The desire and ultimate goal of the heroes in The Iliad is the fame that endures even after death. Honor and glory guide every action and response they make because honor and glory define the hero in their society. The war served as an opportunity for many to find honor and glory, as they could be gained through great, gallant deeds in battle. Achilles and Hector are both portrayed as great fighters seeing that their presence greatly affect a battle. Paris, on the other hand, must be dragged out of the city to fight in the war he instigated. Only when Hector “raked [him] with insults, stinging taunts” and shameful things about his character did he return to battle (6.384). Good social standing is essential to the fame and power that the heroes desire. If Paris is to be deemed honorable and glorious, he must leave the safety and comfort of his home and pull his weight in battle. Ultimately, Paris’s pride and desire to be liked and respe...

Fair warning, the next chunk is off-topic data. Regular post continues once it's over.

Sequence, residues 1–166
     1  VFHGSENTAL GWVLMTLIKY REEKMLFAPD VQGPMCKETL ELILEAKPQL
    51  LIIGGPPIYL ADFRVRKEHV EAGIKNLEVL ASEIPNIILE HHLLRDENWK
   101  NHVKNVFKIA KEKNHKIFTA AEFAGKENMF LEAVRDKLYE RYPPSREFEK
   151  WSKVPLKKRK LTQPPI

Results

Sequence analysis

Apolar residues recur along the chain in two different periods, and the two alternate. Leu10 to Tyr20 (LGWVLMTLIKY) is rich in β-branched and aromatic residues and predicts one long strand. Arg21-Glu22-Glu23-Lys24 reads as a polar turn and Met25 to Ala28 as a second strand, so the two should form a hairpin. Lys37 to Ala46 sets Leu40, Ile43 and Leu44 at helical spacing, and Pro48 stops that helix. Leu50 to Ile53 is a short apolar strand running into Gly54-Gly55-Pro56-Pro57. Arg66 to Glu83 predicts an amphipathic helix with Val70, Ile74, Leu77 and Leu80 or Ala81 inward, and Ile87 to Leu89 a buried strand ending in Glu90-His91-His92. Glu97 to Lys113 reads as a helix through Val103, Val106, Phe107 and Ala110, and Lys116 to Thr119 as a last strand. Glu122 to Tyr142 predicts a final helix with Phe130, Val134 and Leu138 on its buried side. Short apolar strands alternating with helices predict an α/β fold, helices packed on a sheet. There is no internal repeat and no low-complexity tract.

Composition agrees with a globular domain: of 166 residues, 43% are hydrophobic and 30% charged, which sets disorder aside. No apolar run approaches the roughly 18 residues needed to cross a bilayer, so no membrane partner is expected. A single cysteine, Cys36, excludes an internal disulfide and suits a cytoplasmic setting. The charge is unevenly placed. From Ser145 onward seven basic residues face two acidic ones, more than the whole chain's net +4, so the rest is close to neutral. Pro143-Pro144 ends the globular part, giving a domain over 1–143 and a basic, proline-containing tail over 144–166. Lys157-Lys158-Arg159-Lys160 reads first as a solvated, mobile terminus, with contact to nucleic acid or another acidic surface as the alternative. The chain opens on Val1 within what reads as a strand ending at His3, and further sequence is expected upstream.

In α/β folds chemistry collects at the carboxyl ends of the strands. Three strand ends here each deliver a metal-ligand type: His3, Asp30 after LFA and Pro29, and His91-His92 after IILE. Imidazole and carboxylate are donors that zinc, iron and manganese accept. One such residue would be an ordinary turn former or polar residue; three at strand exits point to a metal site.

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...n to die. Therefore, it is important to live like it is your last day and to strive to be a better person. For this reason, humans should realize that yielding to desires in the physical world will not constitute eternal happiness. It is only with the help of the gods can humans truly be happy and when it is time to depart from life, Marcus Aurelius encourages humans to welcome death “for [the gods] would not involve you in anything bad” (2.11). Death should be seen as a precious release because with God’s love and grace, the soul is freed from the battered flesh casing.
By actively choosing the corruptible elements of the physical world rather than the eternal, perfect forms, humans bring evil unto themselves. Throughout The Confessions, Augustine is divided between sexual desire and spiritual desire. Motivated by love he seeks to find a solution to his division.
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